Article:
Last Sunday after the Epiphany
February 7, 2016
2 Corinthians 3:12-4:2
Luke 9:28-36, [37-43a]
Of all the gospels Luke tells us the most about Jesus as a man of prayer. He is praying at his baptism, he spends all night in prayer before deciding which of his disciples to make the 12 apostles, those sent out in his name and power. When he becomes famous, Luke tells us, “Jesus would withdraw to deserted places and pray.” And today he is praying when Moses, and Elijah, the cloud and the light appear, and the voice telling them to listen to Jesus. For many a praying Jesus makes no sense, because they’ve been taught that Jesus is God and therefore he shouldn’t need to pray. What self-respecting god prays to himself? Isn’t talking to yourself a sure sign of mental illness or is it answering yourself that’s the problem? (Of course I do both so I’m not one to judge.)
One of the biggest dangers to our faith these days is not the denial that Jesus is God, but the denial that Jesus is a human being. If Jesus isn’t a real man then it doesn’t matter if he was god, since the early church was right when it says “what God does not assume, he cannot save”: Which means if Jesus is not a human being he cannot save human beings. He only saves that which he takes on. And from our perspective if Jesus isn’t really human then what comfort can we take from a stainless steel robot.
Of course most don’t come right out and say that Jesus wasn’t a flesh and blood person, instead they say things like: Jesus probably never really had feelings of real anger, or a real sense of humor, or fear, and not only was he not married to Mary Magdalene as The DaVinci Code wants us to believe, but Jesus never had sexual feelings for any woman or any man.
Thus by such thefts Jesus is robbed of his humanity and thus of his saving connection to each of us. If Jesus isn’t one of us then he is no better than Zeus sitting in splendor on Mt. Olympus—or on the Cape as Laura’s book tells us. Yet, because we think we need to protect his divinity we carry around with us an image of Jesus that is mostly not human in any interesting sense.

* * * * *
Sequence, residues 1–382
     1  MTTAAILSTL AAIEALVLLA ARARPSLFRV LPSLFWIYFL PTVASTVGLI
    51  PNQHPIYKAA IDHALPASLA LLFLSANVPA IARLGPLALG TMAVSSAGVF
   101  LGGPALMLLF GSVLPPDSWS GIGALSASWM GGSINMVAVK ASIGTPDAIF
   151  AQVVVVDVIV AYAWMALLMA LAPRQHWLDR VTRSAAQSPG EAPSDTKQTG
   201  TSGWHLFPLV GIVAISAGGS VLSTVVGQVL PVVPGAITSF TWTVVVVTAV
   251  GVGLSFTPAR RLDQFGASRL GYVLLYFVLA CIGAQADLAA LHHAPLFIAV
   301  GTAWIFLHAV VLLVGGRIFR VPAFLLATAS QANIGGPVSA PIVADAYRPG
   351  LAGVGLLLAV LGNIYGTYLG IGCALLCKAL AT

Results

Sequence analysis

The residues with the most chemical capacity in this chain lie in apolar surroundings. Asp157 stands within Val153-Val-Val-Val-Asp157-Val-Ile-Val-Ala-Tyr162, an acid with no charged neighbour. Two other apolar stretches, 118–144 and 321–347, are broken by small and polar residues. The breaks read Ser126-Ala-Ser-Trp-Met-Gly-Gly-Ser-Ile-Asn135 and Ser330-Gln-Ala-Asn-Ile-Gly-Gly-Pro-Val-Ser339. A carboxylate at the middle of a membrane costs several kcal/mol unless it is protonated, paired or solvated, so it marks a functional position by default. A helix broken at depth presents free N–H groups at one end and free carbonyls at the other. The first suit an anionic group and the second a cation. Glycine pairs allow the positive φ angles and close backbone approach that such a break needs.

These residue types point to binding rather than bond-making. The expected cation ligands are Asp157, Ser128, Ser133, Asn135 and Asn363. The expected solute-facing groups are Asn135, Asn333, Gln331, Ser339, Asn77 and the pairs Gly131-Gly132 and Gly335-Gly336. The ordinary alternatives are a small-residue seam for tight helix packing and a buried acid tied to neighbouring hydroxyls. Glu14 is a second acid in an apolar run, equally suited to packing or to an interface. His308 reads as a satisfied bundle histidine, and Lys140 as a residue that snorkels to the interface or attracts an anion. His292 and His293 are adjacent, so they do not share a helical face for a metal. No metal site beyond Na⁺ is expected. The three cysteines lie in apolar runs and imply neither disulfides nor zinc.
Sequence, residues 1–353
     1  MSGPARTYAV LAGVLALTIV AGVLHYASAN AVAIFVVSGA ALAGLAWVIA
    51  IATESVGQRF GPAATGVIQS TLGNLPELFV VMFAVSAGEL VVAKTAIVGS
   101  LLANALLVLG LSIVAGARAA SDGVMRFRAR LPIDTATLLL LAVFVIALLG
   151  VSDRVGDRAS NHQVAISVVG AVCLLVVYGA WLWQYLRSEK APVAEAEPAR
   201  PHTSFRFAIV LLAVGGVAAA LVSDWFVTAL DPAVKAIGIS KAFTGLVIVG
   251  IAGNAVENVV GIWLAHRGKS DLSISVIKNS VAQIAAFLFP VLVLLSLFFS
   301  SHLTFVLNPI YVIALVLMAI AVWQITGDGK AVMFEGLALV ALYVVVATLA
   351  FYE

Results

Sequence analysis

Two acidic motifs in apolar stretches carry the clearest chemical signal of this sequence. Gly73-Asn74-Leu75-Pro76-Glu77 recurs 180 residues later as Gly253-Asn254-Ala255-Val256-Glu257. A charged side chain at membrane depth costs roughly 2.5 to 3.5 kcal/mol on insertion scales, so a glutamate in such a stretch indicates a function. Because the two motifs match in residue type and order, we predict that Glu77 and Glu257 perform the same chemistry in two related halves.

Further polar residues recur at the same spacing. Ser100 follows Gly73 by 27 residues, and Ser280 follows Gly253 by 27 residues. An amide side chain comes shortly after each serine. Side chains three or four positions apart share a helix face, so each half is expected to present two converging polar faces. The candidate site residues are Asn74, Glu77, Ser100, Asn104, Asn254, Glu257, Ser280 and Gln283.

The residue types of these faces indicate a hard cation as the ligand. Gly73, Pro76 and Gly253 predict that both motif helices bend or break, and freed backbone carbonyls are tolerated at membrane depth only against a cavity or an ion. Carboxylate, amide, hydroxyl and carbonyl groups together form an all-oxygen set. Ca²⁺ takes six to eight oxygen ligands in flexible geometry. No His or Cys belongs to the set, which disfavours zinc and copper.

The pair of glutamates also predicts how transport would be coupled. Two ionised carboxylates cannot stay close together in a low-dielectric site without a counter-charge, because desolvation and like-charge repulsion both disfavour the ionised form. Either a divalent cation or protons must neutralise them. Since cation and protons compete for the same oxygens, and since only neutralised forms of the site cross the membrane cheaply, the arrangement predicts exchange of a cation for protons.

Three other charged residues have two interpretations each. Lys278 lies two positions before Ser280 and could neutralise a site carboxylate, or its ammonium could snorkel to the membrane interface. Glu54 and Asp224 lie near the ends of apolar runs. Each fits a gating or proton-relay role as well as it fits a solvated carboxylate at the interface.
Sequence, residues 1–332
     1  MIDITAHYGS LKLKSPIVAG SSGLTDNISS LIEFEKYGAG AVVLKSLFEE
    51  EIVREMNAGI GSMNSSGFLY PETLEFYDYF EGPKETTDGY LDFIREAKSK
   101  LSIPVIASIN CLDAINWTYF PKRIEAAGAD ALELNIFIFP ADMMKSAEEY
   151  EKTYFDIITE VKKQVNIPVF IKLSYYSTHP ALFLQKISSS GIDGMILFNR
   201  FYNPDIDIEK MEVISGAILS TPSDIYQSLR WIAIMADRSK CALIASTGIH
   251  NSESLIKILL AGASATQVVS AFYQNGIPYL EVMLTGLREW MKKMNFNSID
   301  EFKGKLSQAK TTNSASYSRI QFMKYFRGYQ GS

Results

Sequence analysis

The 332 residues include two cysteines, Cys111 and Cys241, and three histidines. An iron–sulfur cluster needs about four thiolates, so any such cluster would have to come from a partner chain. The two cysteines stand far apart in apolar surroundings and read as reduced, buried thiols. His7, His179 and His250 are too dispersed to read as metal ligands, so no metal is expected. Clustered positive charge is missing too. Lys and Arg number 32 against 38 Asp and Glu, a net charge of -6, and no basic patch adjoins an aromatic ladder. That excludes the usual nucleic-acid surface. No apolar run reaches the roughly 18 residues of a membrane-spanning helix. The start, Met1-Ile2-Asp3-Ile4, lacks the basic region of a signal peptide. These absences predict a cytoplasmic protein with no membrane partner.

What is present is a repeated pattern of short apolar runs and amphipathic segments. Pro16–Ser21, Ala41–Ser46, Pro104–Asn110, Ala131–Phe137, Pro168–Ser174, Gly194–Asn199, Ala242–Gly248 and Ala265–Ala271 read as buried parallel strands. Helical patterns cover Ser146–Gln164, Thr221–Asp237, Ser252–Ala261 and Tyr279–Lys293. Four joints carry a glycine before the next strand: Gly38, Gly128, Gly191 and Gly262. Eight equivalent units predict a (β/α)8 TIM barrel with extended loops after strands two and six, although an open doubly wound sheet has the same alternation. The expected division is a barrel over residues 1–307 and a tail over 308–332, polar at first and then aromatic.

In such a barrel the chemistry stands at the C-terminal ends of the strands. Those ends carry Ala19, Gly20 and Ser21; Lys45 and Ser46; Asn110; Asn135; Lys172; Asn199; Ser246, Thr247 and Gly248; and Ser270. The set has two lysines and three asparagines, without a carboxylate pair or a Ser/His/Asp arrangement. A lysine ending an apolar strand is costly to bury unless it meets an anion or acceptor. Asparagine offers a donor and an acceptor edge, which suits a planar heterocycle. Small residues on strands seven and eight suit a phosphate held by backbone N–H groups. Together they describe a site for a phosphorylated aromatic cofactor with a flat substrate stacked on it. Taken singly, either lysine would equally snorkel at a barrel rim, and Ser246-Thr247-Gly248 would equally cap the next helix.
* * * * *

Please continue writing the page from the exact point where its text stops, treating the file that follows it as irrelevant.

When Will Willimon was bishop of the North Alabama Conference of the United Methodist Church he taught a course on Jesus at Birmingham-Southern University. After completing an assignment to read the Gospel of Mark in one sitting one student said, “You know, one thing that bothers me is that scene in Mark 8 where they bring a blind man to Jesus for healing and Jesus puts saliva in his eyes and lays hands on him and asks the man, “Can you see anything?”
To which the man replies, “I can see people, but they look like trees walking around”, so Jesus prays for the man again until he can see clearly.
The student says, “If this man is God why does he have to pray twice?”
We have to ask ourselves if our Jesus is only two-dimensional and best suited for framing and hanging on a wall. Is our Jesus a plastic figure like the other superheroes that come with a Happy Meal?
Well you say, what about the Transfiguration? Surely, that isn’t something normal people do!
Karl Barth reminds us, however, that the Transfiguration isn’t something Jesus does. Rather it is something that happens to Jesus. It comes to him from outside himself. If it is a miracle, it isn’t one he’s doing, it is one he is receiving.
And he’s receiving it not just for himself but for us. His purpose on earth is not to walk around 3 feet off the ground, outshining us. His mission is to make it possible that we like him can welcome and surrender to the light from the Father that shines through him, so that by grace we might become a living conduit of this light for others.